Arthritis Treated Without Surgery?

Arthritis is the leading cause of disability among US adults, 55 and older, and in many cases leads to total joint replacements. That is a big decision sometimes necessary, sometimes premature, says Victor Romano, MD, Read More

5 Ways to Assess Your Foot Health

Do you ever experience foot problems? How often should you check your feet? If you’re an average walker, you take about 10,000 steps per day, which add up to more than 3 million steps per Read More

Does Rain Increase Joint Pain?

Some people with joint pain and arthritis swear that weather influences their pain. New research, perhaps the deepest, data-based dive into this suggestion, finds that weather conditions in 45 U.S. cities are indeed associated with Read More

6 Tips for Preventing Shoulder Pain

Shoulder pain is unpleasant and can be very dangerous. It’s a good idea to plan ahead and reduce your risk by managing your activity appropriately. These 6 tips will help you to prevent injury to Read More

What Causes My Heel Pain?

While there can be many reasons for heel pain, we as foot and ankle surgeons categorize heel pain into four major causes: plantar fasciitis, Achilles tendonitis, bursitis and nerve pain. Diagnosing the specific issue depends Read More

Bad Habits That Cause Joint Pains

Joint Pains Most people fall in the trap of treating an ailment rather than finding ways to prevent the complication. Some conditions such as joint pains may occur naturally from within your system, but some Read More

Hip Pain: Causes and Treatment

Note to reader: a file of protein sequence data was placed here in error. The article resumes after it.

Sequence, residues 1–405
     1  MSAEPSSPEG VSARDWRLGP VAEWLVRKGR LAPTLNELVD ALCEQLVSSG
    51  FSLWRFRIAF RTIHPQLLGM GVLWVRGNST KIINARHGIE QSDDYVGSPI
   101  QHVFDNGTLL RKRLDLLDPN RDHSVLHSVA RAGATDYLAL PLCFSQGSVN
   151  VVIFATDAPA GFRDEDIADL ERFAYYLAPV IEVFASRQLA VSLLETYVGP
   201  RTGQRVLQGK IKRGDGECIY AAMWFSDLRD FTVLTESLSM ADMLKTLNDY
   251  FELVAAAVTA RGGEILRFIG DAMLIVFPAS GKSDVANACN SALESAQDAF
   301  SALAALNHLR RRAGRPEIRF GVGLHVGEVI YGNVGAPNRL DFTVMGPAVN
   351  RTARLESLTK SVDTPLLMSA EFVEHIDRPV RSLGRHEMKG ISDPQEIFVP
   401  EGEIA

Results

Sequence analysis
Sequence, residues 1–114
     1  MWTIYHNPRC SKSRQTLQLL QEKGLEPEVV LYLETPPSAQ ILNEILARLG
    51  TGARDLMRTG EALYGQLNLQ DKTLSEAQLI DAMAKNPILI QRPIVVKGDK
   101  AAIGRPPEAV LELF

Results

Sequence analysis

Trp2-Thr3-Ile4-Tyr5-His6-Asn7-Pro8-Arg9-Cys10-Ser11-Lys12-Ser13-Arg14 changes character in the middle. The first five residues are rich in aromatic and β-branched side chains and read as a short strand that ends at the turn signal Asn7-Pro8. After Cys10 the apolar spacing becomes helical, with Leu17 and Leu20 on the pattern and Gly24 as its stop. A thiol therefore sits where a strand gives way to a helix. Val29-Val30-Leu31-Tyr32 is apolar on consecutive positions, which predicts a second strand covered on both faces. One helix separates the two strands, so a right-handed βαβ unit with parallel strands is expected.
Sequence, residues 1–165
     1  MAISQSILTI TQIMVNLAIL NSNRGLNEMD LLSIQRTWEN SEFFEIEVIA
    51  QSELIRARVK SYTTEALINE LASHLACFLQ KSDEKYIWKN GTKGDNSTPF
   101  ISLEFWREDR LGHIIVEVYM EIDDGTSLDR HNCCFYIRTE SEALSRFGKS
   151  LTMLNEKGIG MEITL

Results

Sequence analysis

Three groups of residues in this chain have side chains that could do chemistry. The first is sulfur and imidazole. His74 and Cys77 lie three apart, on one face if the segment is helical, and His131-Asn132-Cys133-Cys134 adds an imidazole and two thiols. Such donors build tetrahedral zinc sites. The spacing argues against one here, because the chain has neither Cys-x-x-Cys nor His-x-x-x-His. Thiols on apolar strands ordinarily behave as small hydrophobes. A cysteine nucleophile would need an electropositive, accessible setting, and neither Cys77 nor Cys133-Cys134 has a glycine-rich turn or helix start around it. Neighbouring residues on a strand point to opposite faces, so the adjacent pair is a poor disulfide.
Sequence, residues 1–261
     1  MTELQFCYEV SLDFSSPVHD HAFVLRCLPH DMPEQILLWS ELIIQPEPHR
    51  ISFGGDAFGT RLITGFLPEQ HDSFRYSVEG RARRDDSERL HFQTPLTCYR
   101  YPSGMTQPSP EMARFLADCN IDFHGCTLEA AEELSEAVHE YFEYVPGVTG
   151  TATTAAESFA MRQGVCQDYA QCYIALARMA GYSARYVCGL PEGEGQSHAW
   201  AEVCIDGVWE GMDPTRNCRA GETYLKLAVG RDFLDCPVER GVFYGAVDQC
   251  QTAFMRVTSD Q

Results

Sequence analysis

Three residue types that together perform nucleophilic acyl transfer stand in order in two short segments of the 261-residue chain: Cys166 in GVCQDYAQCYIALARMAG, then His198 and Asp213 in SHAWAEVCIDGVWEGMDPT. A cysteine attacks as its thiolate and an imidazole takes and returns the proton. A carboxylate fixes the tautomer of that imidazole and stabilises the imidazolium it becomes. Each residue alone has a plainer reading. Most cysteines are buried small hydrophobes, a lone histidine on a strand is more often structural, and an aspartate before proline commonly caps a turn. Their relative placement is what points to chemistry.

Hip pain is quite a common issue and can result from a wide variety of causes. Finding the precise location of the pain can provide clues to identify the underlying causes of hip pain. For Read More

Dealing with Lower Back Pain

Lower back pain is known to affect over 80 percent of all adults at some point in their lives. It is one of the most common reasons why people miss work and see doctors, only Read More

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We all know aging can take its toll on our bones, joints and overall mobility. Our movements and reflexes slow, our bones get thinner and lose their density, and we tend to naturally cut back on activity. But did you also know there are steps you can take to preserve and protect your bone and joint health?

The key to continued mobility as we age is staying active, sometimes even when we don’t feel like it. Just as important, is knowing our bodies, and its limitations. We boost our bone strength with exercises that “load” or compress them, but those activities are harder on our joints. Before starting on any exercise regimen, check with your physician, or work with a physical therapist, or personal trainer experienced in working with seniors to know what would be best for you.

Osteoporosis is sometimes referred to as a “silent thief” because it usually has no symptoms. Approximately one in four women and one in eight men over the age of 50 have been diagnosed with this condition.

It is important to note that it is normal to lose bone mass as we age, and that the definition of osteoporosis, or low bone density, uses the bone density of a young woman as the standard or “norm.” It is therefore logical that the bone densities of many middle-aged and older women are considered low. Nevertheless, osteoporosis can potentially diminish a person’s quality of life.